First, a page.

Make us your home page

Today’s top headlines delivered to you daily.

(View our Privacy Policy)

GOP challenger King drops out of race to unseat Brown-Waite

Jim King, the controversial GOP challenger to U.S. Rep. Ginny Brown-Waite, officially ended his campaign this week, according to documents filed with the Federal Election Commission.

King, 53, mailed a termination report to the agency July 14, five days after the St. Petersburg Times published a story revealing that he made inaccurate claims about his medical credentials and his time in Afghanistan in 2001.

The FEC received the document Monday and made it available late Wednesday.

It notes questionable campaign finance accounting and comes amid the discovery of more damaging information about King's past, including a Chapter 7 bankruptcy filing, a domestic violence injunction that led to a divorce and a stalking arrest, all from the mid 1990s in Collier County.

King, of Land O'Lakes, did not return calls seeking comment Thursday.

After the Times' initial investigation, King provided two documents to support his claims of being a doctor and professor. But neither substantiated any medical certifications or degrees.

One document was a pay stub showing he served as an instructor at Northern Virginia Community College in 1999, though it didn't identify what he taught. The other item appeared to be a page from an Institutes of Health course catalog showing King's name as the instructor for two Spanish classes designed for medical personnel in Naples. It is undated.

In the weeks since the revelations, King has consistently refused to respond to messages seeking further explanation. Attempts to contact all his supporters listed in campaign finance documents were unsuccessful. His campaign treasurer, Leo Dougherty of Spring Hill, said Thursday that he served temporarily but resigned May 13 when the work began to take too much time.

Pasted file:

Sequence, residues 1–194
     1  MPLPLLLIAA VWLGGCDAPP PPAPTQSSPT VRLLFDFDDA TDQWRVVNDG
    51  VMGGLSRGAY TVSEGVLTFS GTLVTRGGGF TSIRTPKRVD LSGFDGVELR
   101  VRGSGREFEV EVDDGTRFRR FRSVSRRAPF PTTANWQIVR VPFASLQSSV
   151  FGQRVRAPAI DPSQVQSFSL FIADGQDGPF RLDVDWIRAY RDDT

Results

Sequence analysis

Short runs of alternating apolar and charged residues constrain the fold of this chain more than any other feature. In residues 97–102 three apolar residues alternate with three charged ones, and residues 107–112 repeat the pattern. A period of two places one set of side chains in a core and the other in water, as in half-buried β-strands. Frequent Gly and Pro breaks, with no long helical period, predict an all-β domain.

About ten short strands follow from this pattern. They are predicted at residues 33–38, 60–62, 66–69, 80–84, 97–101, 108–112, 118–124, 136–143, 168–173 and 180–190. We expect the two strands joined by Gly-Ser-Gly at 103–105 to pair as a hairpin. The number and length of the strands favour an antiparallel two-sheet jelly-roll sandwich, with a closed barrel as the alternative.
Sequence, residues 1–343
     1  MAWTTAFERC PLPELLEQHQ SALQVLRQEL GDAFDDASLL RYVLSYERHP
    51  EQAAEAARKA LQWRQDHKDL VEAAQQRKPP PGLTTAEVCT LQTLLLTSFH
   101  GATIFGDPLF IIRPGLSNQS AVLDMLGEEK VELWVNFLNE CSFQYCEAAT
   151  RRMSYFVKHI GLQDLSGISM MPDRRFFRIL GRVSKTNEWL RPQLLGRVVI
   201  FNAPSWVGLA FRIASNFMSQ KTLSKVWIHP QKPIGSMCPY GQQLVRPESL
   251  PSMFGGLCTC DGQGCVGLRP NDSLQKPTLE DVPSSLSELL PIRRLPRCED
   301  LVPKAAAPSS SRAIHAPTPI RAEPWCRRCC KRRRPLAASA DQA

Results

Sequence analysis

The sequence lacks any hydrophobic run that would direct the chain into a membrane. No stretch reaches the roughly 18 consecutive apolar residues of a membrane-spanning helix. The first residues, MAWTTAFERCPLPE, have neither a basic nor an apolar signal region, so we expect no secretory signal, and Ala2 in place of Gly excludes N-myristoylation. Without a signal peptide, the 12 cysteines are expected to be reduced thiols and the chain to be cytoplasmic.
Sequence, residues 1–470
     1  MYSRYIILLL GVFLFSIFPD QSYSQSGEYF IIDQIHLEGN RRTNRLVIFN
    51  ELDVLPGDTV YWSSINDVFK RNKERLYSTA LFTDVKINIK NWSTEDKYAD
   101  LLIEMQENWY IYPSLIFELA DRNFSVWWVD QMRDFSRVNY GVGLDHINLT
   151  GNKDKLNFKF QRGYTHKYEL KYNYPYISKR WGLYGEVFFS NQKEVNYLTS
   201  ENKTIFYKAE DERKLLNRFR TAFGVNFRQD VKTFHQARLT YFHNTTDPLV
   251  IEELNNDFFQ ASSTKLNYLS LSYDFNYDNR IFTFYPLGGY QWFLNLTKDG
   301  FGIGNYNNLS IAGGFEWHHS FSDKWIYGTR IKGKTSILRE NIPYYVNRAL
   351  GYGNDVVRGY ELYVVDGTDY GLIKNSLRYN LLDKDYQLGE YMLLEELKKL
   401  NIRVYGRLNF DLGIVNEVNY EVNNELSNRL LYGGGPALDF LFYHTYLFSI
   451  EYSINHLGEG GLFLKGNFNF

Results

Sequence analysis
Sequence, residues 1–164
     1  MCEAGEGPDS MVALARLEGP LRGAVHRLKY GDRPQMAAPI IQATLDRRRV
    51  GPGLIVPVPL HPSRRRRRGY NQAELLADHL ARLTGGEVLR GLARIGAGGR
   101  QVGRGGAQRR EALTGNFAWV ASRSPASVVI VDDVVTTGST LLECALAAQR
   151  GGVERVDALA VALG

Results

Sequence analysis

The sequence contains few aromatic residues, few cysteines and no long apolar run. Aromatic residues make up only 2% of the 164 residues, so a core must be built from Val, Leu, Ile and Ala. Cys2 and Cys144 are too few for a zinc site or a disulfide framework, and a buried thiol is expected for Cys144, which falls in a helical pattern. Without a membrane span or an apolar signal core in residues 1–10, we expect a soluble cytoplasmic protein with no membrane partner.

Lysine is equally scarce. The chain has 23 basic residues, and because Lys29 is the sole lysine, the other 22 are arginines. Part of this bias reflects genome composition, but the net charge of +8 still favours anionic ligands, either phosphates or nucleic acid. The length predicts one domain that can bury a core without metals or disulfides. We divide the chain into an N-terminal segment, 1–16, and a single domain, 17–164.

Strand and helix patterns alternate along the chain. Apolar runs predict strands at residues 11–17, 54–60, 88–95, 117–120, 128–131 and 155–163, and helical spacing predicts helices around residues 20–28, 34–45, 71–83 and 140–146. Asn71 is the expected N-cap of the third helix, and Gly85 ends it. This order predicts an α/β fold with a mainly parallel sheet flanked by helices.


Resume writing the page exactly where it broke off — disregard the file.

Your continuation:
King identified fewer than 5 percent of his contributors, saying the bulk of his $55,000 came in donations less than $200. Those he did list were mostly family members.

In his final filing, he reported spending all his money on campaign literature, postage and travel costs. This included more than $3,000 in payments toward a car loan with GMAC — a questionable expenditure that at worst violates prohibitions about personal use of campaign funds and at best requires better accounting under "mixed use" guidelines.

King previously ran for elected office three times between 1992 and 2000 and his background was never questioned. But new documents unearthed by the Times reveal troubling material dating back more than a decade.

King filed for bankruptcy in June 1995, listing assets of $144,715 and debts totalling nearly $300,000. The court documents indicate King lived a comfortable lifestyle. He leased a 1993 Corvette for $25,000, bought a $75,000 1963 Beechcraft Queen Air plane and lost $1,500 gambling in the Bahamas.

He received workers' compensation pay and was involved in land deals in Ireland with his father, who was born in Britain. Court documents also suggest he owned a company called Medical Interpreters Inc., as he previously claimed, but the business is not listed in Florida corporation records, according to a recent search.